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What are the different types of ear shapes?

Last update on Nov, 28, 2023

Have you ever cupped your hand behind your ear, hoping to hear a sound more clearly? By trying to increase the outer size of your ear, you were altering the ear shape to improve the sound that the inner workings could pick up. Ears come in all kinds of shapes and sizes, affecting the way you hear and even holding some clues to your overall well-being.

How do we get our ear shape?

External ears

Take a look at old family photos, and you’ll probably find at least one relative whose ears are the size and shape of yours. While there are many different ear shapes in the world, types of ear shapes tend to run in families.

How does the shape of your ear help you hear?

The outside portions of the ear are called pinnae or auricula. The shape of an ear helps it work the way a funnel does when it narrows down a liquid’s flow into a vessel. In the case of your ears, the outer part collects and amplifies sound waves, then directs them into the ear canal.

While ear shape and hearing quality aren’t always connected, ear size can matter. If you have an especially small ear canal, for example, it could have a negative effect on how much you’re able to hear.

Do ears keep growing as you age?

The ears grow slowly as we age, and through time, many parts of our bodies are affected by the loss of collagen. When soft ear tissues lose collagen, they tend to droop and sag, also making them look bigger. 

Different ear shapes

There are as many different ear shapes as there are people. However, scientists have isolated a number of general types of ear shapes, as described below.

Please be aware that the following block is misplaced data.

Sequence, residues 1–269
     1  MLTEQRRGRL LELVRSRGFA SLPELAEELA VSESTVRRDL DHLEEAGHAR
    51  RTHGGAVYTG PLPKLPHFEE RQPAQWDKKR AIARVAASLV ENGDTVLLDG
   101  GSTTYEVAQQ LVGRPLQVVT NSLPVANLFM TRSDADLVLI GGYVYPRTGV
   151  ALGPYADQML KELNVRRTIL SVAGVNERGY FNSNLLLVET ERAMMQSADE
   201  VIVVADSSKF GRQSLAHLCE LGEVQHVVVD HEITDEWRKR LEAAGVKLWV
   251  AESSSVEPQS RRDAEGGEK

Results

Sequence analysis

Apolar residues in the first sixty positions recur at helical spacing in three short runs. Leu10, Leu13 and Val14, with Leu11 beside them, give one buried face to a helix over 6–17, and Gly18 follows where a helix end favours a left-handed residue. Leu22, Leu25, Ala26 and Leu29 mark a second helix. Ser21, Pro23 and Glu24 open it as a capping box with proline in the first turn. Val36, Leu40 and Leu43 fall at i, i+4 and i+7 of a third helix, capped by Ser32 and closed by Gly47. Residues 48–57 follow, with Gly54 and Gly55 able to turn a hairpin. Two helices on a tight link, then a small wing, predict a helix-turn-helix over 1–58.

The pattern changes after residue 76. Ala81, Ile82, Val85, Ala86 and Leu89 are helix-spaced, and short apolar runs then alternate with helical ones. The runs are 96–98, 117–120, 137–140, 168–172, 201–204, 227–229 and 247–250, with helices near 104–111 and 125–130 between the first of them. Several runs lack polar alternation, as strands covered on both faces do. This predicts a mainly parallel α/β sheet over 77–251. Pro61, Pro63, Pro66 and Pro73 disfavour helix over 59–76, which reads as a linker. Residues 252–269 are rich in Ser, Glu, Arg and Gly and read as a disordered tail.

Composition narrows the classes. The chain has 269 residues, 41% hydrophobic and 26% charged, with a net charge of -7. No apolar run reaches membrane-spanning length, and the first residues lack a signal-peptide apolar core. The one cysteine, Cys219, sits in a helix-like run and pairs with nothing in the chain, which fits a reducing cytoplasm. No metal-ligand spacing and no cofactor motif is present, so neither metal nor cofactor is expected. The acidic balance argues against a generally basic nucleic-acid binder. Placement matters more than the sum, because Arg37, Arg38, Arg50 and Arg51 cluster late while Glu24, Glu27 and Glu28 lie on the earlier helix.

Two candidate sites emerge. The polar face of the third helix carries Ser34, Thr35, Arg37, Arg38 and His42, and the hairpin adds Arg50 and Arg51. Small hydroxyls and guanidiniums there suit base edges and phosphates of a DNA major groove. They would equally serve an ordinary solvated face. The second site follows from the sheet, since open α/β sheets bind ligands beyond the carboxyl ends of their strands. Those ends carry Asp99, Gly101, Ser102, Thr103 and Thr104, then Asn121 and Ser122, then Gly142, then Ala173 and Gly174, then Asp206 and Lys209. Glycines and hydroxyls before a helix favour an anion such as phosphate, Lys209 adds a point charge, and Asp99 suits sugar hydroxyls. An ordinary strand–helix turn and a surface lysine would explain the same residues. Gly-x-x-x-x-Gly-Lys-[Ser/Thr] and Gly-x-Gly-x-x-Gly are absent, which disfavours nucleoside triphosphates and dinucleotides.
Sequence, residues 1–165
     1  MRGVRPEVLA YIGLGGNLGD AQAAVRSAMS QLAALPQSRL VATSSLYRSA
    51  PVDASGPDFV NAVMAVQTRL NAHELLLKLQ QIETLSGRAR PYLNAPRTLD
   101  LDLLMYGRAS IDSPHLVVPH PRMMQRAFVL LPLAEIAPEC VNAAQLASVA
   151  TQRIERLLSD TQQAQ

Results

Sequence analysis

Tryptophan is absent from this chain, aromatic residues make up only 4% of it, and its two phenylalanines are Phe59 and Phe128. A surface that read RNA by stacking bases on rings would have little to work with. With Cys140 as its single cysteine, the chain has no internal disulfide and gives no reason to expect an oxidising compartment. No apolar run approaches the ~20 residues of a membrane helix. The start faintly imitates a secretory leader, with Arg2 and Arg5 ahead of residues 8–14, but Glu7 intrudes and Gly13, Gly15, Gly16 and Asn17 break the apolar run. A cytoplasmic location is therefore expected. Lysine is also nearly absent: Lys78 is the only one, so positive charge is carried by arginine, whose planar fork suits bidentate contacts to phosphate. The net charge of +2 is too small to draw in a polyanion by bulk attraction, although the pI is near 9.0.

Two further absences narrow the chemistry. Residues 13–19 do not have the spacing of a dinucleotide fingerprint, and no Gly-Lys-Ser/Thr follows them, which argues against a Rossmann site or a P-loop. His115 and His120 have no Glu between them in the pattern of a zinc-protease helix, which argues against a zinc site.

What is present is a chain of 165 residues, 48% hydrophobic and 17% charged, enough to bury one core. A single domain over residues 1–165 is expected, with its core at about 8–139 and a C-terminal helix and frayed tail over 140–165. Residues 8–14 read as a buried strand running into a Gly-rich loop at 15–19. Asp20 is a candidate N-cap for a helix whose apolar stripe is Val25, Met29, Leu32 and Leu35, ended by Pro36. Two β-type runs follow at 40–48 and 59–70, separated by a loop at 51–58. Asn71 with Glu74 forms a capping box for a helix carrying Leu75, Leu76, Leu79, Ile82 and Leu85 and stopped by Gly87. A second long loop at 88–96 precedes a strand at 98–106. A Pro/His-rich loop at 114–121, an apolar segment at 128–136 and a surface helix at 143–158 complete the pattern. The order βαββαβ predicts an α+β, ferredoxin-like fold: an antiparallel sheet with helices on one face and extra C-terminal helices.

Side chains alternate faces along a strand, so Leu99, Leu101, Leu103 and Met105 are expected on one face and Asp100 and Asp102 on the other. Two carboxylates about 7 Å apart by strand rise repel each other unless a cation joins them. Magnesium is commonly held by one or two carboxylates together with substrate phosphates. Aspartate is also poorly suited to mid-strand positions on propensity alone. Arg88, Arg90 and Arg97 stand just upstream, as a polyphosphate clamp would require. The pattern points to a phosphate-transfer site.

A normal ear shape is usually formed like the letter C, created by the formation of the helix (outermost ridge) and earlobe.

Doctors define prominent ears or protruding ears as ones that, regardless of size, stick out more than 2 centimeters from the side of the head.

Whether or not your earlobes are free or attached is another genetic factor. If parents' genes express the dominant allele, their child will be born with free earlobes.

But if parents with free earlobes give birth to a baby with attached earlobes, both will have a copy of the dominant and recessive allele. Attached earlobes are less common. The lobes of an attached ear are generally small, and they are attached directly to the side of the head.

An average man’s ear measures about six centimeters, while a typical woman’s is about five centimeters. They’re classified as big ears when they’re larger than those averages.

A small ear, or low-set ear, is defined as such when the auricular axis (an imaginary line that passes through the longest dimension of the ear) is less than two inches in size

When the scapha area of the ear—the groove between the helix (outermost ridge) and the antihelix (the inner ridge)—contains a cartilage fold in the middle, it can create a prominent appearance and pointed shape, called an “elf ear” or “Spock ears.”